What is oral language?

In any language, at any age, people learn to speak before they learn to read and write. Oral language is the foundation for the development of literacy skills and is considered to be a strong indicator of later reading, writing and overall academic achievement.

Oral language encompasses two components. Expressive language (speaking) – the use of words and non-verbal processes to share meaning with others. Receptive language (listening) – the process of understanding what has been expressed.

What does it look like?

Imagine you’re on holiday in Spain. You stumble through words and phrases as you board transport, shop in foreign stores and purchase ‘two Coronitas, please’. You repeat the phrase ‘Dos cervezas, por favor’, before you start to get the hang of it. You play it out in your head as you approach the bar. You’re finally asked the million-dollar question – ‘¿Que quieres?’ – though despite the rehearsals, you go blank and respond in poorly constructed Spanglish. Oh well, maybe next time.

Receptive language

A child hears spoken language before they start ‘babbling’, imitating speech sounds and learning words and phrases. Think back to the bar from the Spanish holiday we’re on in our minds (let’s assume it’s an extended holiday – a woman can dream) and imagine you’re sitting with Spaniards, hearing them talk. You feel lost as the words roll out of their mouths. Given enough time, you might start to recognise and understand some common words and phrases. Still, you haven’t started speaking yet. You are developing receptive language skills – listening and processing.

Expressive language

A week later, you're sitting with the same Spaniards and for what feels like the millionth time on this trip, you panic slightly at having to respond to the question – ‘¿Cómo estás?’. You’ve heard this phrase before. You process it, understand it and seem to answer internally in your first language. So, you attempt to answer in Spanish, finally responding sheepishly with ‘Moy bi-ahn, grah-see-ars.’.

Hooray! You're using expressive oral language skills and are well on your way to hablando español!

What about reading and writing?

Are you exhausted yet? It's normal to feel physically tired after trying to communicate in another language. Now imagine, after mastering how to say a few words or a simple phrase, someone asked you to write it down?

Are you serious?

Back to our holiday – the Spaniards strike up their usual conversations at 100 km/h so you tune out and turn to some signage nearby. You notice that the word ‘gracias’ looks totally different to the comprehensive phonetic spelling in your head ‘grah-see-ars'. You might be able to say the word but reading it challenges you further.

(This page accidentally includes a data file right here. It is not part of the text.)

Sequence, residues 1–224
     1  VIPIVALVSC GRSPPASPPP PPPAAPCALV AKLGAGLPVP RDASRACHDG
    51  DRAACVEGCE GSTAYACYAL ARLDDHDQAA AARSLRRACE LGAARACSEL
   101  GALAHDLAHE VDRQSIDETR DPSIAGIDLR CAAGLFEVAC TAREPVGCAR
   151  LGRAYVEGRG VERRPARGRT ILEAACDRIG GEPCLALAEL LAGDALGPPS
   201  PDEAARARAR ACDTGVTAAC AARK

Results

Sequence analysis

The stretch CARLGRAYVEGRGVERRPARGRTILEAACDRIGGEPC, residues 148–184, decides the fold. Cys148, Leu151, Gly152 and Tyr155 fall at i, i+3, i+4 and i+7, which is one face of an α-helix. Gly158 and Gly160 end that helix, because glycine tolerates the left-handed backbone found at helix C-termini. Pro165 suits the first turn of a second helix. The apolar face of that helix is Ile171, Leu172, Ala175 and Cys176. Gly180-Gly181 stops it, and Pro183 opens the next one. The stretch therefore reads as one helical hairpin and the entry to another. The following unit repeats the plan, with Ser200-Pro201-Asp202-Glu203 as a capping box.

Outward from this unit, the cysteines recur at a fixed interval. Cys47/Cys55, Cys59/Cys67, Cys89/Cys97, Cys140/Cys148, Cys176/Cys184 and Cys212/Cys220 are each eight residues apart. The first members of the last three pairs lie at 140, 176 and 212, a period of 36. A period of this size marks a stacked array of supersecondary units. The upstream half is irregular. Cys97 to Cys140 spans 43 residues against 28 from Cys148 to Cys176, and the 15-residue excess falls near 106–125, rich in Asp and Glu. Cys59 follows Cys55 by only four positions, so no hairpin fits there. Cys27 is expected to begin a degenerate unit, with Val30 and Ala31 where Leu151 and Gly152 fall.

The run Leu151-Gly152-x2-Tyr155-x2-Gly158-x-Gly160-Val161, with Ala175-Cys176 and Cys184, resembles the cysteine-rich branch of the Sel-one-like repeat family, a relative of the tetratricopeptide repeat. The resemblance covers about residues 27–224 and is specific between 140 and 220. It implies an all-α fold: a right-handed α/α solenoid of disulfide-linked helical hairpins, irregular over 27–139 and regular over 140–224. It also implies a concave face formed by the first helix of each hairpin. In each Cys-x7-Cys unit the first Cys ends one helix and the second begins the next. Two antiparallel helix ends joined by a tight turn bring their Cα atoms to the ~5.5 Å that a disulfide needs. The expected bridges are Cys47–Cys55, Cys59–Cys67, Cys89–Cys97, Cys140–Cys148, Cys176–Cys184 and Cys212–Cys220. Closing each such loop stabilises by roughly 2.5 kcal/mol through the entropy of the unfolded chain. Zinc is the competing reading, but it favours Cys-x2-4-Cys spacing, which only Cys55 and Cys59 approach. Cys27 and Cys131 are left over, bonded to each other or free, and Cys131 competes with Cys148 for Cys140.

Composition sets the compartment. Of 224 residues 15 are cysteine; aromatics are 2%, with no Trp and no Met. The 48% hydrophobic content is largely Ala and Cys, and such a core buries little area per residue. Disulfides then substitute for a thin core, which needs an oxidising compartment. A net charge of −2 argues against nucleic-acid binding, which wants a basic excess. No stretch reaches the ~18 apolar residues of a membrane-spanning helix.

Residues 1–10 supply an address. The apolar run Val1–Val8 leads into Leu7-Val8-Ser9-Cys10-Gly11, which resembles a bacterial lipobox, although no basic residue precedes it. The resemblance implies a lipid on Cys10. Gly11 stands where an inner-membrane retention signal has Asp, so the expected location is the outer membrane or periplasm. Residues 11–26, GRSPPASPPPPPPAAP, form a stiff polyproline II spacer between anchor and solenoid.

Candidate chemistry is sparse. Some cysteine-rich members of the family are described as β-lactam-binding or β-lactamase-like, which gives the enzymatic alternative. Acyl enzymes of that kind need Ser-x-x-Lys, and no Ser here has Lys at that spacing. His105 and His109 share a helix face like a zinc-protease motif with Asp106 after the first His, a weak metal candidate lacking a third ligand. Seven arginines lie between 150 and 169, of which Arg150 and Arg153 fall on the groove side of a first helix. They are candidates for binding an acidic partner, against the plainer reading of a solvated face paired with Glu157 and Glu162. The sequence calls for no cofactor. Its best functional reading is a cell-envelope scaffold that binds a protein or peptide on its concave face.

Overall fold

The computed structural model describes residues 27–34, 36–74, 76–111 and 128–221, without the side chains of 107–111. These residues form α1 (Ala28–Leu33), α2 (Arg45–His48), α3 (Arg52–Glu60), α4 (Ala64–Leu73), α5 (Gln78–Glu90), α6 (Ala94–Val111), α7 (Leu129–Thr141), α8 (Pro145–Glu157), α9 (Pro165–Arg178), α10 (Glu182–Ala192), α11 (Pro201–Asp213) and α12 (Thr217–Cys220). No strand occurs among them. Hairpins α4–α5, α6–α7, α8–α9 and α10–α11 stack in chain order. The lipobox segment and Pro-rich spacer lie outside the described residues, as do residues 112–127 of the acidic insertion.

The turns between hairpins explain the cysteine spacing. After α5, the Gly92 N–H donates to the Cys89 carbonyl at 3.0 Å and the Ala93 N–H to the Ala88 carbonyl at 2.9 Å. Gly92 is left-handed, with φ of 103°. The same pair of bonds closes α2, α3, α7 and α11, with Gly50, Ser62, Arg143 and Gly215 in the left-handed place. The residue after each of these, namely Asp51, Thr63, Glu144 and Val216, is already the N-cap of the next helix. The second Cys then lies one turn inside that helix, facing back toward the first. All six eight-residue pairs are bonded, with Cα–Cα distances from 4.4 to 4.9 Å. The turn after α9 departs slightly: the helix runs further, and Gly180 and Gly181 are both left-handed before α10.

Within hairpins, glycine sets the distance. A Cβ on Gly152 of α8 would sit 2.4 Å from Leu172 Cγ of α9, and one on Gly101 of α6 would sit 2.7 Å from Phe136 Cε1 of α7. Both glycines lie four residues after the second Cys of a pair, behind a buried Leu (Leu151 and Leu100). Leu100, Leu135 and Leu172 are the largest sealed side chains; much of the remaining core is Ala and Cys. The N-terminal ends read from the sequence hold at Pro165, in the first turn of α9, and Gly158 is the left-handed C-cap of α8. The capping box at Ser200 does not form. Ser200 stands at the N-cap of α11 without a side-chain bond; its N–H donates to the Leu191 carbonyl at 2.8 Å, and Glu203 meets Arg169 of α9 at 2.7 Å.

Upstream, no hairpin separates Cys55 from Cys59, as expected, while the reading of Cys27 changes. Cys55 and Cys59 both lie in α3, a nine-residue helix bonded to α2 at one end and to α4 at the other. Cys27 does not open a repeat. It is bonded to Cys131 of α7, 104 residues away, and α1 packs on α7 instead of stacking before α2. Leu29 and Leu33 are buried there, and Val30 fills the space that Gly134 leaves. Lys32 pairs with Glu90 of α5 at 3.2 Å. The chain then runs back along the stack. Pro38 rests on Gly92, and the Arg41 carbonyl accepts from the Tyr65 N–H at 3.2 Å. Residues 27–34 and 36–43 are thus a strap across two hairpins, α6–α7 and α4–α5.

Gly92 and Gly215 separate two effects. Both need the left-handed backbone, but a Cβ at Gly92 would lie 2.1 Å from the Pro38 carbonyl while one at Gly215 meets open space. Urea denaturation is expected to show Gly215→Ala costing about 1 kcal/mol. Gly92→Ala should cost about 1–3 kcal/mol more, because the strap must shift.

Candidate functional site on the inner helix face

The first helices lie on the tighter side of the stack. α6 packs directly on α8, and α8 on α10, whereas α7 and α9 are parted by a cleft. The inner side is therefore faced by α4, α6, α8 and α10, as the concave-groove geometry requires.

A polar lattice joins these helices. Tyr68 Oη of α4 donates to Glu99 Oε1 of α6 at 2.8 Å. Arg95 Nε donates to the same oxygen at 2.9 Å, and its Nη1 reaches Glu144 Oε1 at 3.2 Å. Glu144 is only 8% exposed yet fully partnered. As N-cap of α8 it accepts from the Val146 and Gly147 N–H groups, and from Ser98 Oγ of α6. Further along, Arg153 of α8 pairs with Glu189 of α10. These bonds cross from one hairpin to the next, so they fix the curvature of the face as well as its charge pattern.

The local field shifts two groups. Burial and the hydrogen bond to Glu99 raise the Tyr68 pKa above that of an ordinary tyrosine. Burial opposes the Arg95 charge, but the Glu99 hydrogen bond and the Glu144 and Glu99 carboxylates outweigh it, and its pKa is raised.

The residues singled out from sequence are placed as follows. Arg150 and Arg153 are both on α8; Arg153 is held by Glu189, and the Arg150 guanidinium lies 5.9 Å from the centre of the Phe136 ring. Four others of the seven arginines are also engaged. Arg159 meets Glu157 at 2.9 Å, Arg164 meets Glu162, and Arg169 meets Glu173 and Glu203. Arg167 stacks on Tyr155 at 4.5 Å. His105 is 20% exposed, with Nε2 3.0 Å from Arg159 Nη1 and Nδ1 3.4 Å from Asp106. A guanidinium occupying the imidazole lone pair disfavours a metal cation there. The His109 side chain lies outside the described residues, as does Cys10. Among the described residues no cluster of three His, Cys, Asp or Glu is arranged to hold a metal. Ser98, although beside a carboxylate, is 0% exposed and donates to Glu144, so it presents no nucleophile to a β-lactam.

You can now see that it would take a considerable amount of speaking and listening before you felt at all confident in reading and writing.

Oral language in modern classrooms

Consider how mentally draining this process would be for EAL/D learners who – for the record – aren’t on holiday. They’re pressured to read and write words and phrases daily before they have had the opportunity to properly master oral language.

These days, the need to focus on oral language is more important than ever. Some educators have noticed a decline in oral language skills, attributing this to societal changes like the rise of screen time and the infrequency of face-to-face conversation.

Most classrooms in Australia now include a variety of EAL/D learners, especially in urban areas. However, whether or not there are EAL/D students in your class, oral language skills can always be practised.

The great thing about oral language activities is that a lot of the time, they require little preparation and can be adapted to suit different ages, needs and topics. They can be cleverly weaved into daily programs to complement current class work and can be played as games. Activities of this nature are often a lot of fun for students. For these reasons, oral language activities can be a life saver for relief teachers.

 

Oral language activities for relief teachers

Readers theatre, recounts, retells, debates, hot-seating... these are only a few of the things you can do to support oral language development in your day-to-day appointments as a relief teacher.

You’ll find a list of highly practical instructional approaches and more information for developing oral language here. Add them to your Relief Teacher Toolkit and try them out next time you’re on class!

An article regarding the concerns about oral language development in modern classrooms can be found here.

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